The Single Take feature is here and is improved. For those of you who aren’t aware, you simply move the device around and it will take take photos, record a short video, and even edit the footage for you. This time, you can adjust the duration of Single Take from anywhere between 5 seconds to 15 seconds, which makes it even more handy. Just like before however, the results can vary so for a more consistent experience, it’s still best to capture it yourself. At least you have a quick and hassle-free tool if you ever need it.
As you can see above here, the Samsung Galaxy A52 can take some pretty good photos, better with lighting and decent in low lights. I’m sure many underestimated it given its midrange status but it did pretty good so far with good details, vivid colours and Auto HDR being rather reliable. It’s worth noting that the selfie camera is a little aggressive on beautification. The other cameras within the system may not be as good but they can still produce great results nonetheless.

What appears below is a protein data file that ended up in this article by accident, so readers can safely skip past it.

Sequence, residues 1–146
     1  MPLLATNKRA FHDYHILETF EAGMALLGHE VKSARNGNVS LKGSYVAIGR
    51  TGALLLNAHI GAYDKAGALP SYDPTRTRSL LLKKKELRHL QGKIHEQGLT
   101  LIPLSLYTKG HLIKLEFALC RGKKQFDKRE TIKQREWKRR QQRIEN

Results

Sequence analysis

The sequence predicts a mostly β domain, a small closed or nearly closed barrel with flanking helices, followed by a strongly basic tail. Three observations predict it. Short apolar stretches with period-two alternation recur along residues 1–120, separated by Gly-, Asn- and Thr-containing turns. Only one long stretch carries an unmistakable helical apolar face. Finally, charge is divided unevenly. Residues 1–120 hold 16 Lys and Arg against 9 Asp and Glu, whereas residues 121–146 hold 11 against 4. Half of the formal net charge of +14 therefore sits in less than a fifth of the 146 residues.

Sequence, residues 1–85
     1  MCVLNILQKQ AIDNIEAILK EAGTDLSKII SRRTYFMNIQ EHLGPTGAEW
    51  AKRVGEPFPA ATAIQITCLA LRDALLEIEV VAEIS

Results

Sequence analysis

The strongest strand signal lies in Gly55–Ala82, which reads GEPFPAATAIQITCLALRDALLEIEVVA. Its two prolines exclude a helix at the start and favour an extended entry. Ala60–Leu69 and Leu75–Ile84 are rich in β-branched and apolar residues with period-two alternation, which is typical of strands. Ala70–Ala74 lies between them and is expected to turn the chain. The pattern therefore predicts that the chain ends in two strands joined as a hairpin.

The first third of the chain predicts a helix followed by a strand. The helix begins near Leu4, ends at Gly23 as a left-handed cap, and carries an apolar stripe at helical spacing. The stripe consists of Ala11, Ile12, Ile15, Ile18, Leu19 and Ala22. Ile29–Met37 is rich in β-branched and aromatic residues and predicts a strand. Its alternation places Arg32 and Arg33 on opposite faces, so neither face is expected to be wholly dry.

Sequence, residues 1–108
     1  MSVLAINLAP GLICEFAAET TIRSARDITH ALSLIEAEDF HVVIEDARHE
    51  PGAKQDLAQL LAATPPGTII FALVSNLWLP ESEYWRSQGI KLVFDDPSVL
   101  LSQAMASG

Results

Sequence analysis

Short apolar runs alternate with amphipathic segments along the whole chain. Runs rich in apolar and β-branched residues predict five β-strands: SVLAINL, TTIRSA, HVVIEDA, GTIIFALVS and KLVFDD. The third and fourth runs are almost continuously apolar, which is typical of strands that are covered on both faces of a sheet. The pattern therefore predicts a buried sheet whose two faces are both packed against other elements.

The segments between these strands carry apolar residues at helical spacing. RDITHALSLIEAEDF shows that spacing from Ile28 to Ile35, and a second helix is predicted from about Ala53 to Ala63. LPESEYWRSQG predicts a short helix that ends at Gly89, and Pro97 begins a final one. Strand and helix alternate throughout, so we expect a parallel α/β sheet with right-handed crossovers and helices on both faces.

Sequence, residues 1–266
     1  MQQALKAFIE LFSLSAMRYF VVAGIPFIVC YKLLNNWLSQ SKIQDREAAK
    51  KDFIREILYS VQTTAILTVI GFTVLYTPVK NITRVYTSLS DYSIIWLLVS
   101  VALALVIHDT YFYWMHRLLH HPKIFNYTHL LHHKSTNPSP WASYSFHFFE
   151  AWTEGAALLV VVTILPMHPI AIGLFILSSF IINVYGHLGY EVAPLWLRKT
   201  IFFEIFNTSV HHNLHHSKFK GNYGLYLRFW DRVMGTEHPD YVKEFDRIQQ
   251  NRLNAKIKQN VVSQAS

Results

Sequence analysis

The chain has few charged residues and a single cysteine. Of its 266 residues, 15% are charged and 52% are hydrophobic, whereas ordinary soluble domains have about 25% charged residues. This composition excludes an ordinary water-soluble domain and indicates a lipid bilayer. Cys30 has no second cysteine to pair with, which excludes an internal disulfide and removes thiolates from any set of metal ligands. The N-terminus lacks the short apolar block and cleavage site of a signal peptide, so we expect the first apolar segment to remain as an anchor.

Samsung Galaxy A52 Verdict
The Samsung Galaxy A52 is quite an interesting smartphone. For RM1,499, you get 4 years of guaranteed software support, an experience that is typically reserved for their more premium smartphones. You get decent build quality, punchy colours on the display, 90Hz refresh rate, a good camera system, IP67, stereo speakers, headphone jack is included, and a pretty solid battery life.
If there was anything it could truly improve on, is to have thinner bezels, the stereo speakers could be more balanced, and the fingerprint scanner could be faster. Sure, you can find smartphones with better performance or better cameras around the price range but to get both, you will need to spend a premium. At RM1,499, it’s hard to find a relatively complete package like this. At the end of our Samsung Galaxy A52 review, I award this smartphone with our coveted Gold Pokdeward.
Big thanks to Samsung Malaysia for sending us this smartphone for the purposes of this review.